To agree that this was not unreasonable implies a level of acceptance of the public school system at its zenith utterly at odds with some of the deepest prejudices festering in Britain today. British politics remain obsessed with class in a manner that owes more to ancient resentments than any contemporary reality. A recent incident, in which a columnist for the far left Socialist Worker made fun of the fatal mauling of an Eton schoolboy by a polar bear (“another reason to save the polar bears”), is an outlier in its cruelty, but it’s a rare week that goes by in which a public school education is not used to whip a Tory cur, as David Cameron (Eton) knows only too well.
Under the circumstances it takes courage to combine, as Seldon and Walsh do, a not-unfriendly portrait of the early twentieth-century public schools (it should be noted that both men are, or have been, public schoolmasters) with a broader analysis that implies little sympathy for the sentimental clichés that dominate current British feeling—and it is felt, deeply so—about the Great War: Wilfred Owen and all that. It is not necessary to be an admirer of the decision to enter the war or indeed of how it was fought (I am neither) to regret how Britain’s understanding of those four terrible years has been so severely distorted over the past decades. Brilliantly deceptive leftist agitprop intended to influence modern political debate has come to be confused with history.
Oh! What a Lovely War smeared the British establishment of the 1960s with the filth of Passchendaele and the Somme. Similarly, the caricature of the war contained in television productions such as Blackadder Goes Forth (1989) and The Monocled Mutineer (1986) can at least partly be read as an angry response to Mrs. Thatcher’s long ascendancy. Coincidentally or not, the late 1980s also saw the appearance of The Old Lie: The Great War and the Public-School Ethos by Peter Parker. For a caustic, literary, and intriguing—if slanted—dissection of these schools’ darker sides, Parker’s book is the place to go.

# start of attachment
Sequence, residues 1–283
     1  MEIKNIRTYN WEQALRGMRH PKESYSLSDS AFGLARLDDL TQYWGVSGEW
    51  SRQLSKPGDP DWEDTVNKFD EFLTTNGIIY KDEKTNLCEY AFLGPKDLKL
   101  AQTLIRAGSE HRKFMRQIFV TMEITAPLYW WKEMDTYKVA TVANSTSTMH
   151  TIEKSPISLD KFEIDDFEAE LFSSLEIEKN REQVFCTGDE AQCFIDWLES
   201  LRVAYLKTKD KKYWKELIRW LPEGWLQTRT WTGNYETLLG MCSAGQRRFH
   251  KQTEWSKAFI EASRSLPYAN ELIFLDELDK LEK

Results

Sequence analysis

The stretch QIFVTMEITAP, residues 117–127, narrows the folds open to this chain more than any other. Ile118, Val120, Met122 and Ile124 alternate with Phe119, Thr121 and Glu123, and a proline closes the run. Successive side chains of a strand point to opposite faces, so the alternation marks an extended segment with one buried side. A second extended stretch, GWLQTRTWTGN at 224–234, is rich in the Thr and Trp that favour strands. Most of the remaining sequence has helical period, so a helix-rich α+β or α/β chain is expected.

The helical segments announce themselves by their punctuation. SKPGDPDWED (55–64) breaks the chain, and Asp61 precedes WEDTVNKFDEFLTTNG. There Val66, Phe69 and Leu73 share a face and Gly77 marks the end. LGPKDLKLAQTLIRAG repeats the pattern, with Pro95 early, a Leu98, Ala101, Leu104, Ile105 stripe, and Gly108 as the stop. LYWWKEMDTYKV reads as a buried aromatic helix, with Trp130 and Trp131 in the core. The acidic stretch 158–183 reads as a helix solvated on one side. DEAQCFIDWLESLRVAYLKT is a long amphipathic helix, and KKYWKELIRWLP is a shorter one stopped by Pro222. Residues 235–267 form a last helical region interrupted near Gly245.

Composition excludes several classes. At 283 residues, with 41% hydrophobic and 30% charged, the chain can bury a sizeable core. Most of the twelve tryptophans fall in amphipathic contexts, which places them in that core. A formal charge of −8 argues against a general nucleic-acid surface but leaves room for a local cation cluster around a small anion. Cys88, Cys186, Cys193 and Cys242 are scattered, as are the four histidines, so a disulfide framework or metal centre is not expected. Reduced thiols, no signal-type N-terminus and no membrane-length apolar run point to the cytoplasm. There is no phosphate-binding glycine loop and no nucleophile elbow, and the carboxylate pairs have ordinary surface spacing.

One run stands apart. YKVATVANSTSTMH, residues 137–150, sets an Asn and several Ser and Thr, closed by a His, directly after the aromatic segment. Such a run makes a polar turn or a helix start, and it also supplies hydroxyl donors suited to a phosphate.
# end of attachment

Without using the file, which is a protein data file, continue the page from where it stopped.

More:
Seldon and Walsh offer a more detailed and distinctly more nuanced description of how these schools operated, handily knocking down a few clichés on the way: There were flannelled fools aplenty, but there was also the badly wounded Harold Macmillan (Eton), “intermittently” reading Aeschylus (in Greek) as he lay for days awaiting rescue in a shell hole. Aeschylus was not for all, but a glance at the letters officers wrote from the front is usually enough to shatter the myth of the ubiquitous philistine oaf. There was much more to the public schools than, to quote Harrow’s most famous song, “the tramp of the twenty-two men.”